He added that joint efforts should be made to address the thorny issue faced across the grassland in Inner Mongolia autonomous region.

 

Nowadays, the 71-year-old, renowned for his oil paintings of portraits and landscapes, has devoted himself to preserving Inner Mongolia's environment, local people's rights and nomadic cultural traditions through the sale of his paintings.



Chen's art website:  www.jiqunchen.com

[Biography - Jiqun Chen - 4Ko]


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[Biography - Jiqun Chen - 3Ko]


Chen Jiqun was born in China, 1947.

He attended the Art School Attached to the Central Academy of Fine Arts from 1963 to 1967.
Chen Jiqun moved to Inner Mongolia in 1967, a young man in search of adventure.
The grasslands of Chen Jiqun’s youth live on in his paintings even if they continue to recede in reality. Vast landscapes filled with horses galloping between herds of sheep, goats, and cows grazing on foot-high grass have been replaced with cornfields, fenced-in pastures, mines, and increasingly, deserts. Grassland echo in his paintings.
As a professional artist who is open to commision requests, and taught oil painting.
All work in this gallery is the original artwork of Chen Jiqun. All images in this gallery are protected by China and International Copyright laws (Copyright 2011).
His art website is:
www.163art.com

He advanced studies at the Xu Beihong Art Studio of the Central Academy of Fine Arts from 1985 to 1987. 

Chen Jiqun is a member of Beijing Society of Art. He has held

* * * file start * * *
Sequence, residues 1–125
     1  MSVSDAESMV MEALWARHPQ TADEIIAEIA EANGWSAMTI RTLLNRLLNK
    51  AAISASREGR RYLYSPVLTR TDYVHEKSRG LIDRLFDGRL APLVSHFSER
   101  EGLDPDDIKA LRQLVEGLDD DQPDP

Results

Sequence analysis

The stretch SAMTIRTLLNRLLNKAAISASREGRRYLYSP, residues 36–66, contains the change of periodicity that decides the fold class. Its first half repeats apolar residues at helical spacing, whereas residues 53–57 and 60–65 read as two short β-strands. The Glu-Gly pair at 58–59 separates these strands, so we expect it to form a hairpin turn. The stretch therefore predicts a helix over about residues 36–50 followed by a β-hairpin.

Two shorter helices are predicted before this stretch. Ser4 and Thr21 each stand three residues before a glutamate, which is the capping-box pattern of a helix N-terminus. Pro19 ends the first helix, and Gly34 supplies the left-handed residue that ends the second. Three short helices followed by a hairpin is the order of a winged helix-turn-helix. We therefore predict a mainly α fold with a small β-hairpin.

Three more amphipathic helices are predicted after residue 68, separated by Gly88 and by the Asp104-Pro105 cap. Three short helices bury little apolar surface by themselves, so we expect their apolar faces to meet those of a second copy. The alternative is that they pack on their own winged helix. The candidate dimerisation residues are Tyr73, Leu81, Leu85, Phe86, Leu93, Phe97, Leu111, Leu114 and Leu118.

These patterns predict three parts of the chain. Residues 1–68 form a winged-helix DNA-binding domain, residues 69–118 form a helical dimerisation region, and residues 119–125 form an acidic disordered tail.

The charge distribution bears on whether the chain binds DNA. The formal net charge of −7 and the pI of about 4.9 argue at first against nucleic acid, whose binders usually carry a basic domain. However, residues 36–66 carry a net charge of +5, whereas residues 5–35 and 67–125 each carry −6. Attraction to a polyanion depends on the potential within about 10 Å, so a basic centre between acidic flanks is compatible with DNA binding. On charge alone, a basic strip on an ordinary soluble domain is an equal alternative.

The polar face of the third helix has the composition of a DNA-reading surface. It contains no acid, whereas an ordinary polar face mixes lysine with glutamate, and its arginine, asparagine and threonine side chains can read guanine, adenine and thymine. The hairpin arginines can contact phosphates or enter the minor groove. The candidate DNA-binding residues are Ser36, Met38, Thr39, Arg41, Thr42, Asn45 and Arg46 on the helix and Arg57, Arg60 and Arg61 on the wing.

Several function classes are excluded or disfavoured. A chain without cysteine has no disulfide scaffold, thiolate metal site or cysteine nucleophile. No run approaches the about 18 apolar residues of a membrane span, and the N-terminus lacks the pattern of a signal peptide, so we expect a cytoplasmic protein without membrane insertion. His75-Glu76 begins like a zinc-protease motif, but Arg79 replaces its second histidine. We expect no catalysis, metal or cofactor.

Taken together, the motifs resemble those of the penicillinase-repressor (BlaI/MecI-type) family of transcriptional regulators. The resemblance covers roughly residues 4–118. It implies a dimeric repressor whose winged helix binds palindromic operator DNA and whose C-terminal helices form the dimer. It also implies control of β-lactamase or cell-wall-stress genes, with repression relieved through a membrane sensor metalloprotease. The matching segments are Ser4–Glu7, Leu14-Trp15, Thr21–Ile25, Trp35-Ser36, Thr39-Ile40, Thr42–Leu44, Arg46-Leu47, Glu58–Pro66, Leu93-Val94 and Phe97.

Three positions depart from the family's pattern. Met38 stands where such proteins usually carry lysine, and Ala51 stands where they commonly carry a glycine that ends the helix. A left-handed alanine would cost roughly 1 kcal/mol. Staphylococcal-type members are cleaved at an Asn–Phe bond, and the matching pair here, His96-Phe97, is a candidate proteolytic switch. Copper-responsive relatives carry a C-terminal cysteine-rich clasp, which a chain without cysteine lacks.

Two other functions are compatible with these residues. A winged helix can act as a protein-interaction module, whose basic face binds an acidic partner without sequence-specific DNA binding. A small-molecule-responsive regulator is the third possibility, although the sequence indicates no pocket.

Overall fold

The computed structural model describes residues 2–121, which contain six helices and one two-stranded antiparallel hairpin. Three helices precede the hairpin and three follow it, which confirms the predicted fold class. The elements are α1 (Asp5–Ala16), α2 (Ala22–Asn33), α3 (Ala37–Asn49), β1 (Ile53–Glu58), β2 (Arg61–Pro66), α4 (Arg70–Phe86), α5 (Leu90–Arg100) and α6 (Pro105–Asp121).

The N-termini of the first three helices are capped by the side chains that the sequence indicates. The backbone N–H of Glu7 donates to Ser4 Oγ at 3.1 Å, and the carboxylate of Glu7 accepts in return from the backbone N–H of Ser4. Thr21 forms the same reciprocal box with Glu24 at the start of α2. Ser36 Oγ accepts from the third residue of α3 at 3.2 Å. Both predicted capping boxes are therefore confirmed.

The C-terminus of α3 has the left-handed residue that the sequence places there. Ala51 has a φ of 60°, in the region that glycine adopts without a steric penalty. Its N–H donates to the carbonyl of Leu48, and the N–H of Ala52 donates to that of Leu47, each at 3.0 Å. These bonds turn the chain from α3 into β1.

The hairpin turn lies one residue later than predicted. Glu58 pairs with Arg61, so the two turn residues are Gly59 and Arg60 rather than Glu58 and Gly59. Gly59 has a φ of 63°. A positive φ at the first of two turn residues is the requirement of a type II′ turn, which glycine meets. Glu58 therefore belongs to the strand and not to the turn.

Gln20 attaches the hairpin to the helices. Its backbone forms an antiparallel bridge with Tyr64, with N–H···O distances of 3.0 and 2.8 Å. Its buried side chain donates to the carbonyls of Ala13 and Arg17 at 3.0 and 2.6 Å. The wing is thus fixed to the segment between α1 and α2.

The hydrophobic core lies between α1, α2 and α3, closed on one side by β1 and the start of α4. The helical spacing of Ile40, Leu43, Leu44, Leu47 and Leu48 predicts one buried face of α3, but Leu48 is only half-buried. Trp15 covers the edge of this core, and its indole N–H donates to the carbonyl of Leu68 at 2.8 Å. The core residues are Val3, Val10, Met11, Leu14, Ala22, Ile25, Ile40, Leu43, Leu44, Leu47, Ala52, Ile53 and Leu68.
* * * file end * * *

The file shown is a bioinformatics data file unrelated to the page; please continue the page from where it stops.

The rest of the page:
successful exhibitions in Malaysia, Singapore, Hong Kong and 
Beijing. As a professional artist who specializes in portraits and 
landscape paintings, his vibrant-style has captured the hearts of many.
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Artist photos

1992
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www.cy.ngo.cn/travel_en.htm


Studio.  Apr 2007
   
      
      
      
[Biography - Jiqun Chen - 4Ko]


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Chen Jiqun was born in China, 1947.     Chen's  art site:  www.163art.com 

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He attended the Art School Attached to the Central Academy of Fine Arts from 1963 to 1967 and advanced studies at the Xu Beihong Art Studio of the Central Academy of Fine Arts from 1985 to 1987. He began his artistic creation about grassland scenery in 1967 when he was sent to East Ujumchin Banner, Inner Mongolia as an educated youth and continued-his artistic endeavors throughout his stay on the grassland (1967-1980).
Chen Jiqun is a member of Beijing Society of Art. He has held 
successful exhibitions in Malaysia, Singapore, Hong Kong and 
Beijing. As a professional artist who specializes in portraits and 
landscape paintings, his vibrant-style has captured the hearts of many.
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Soul Back To Nailin Rivulet         Year Created: 1999
Medium: Oil        Size: 47"x47"

Camel Car In The Winter      Year Created:1998
oil on canvas         Size: 63"x51"

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[Biography - Jiqun Chen - 3Ko]



Jiqun Chen's Guestbook

Red robe
I like the girl in a red rode,very beautyful Artistic greatings, Kunstschilder Paul Gosselin - Menen-België
(Paul Gosselin, 9 January 2011)
artist
dera sir please visit my art work at www.yogendra-art.page.tl and creat a art way for my art work at singapur from you i hope you will creat it for me. because you are a nive and intrestting artist of this world. thanking you yogendra kumar purohit BIKANER. IND.
(yogendra kumar purohit, 23 July 2007)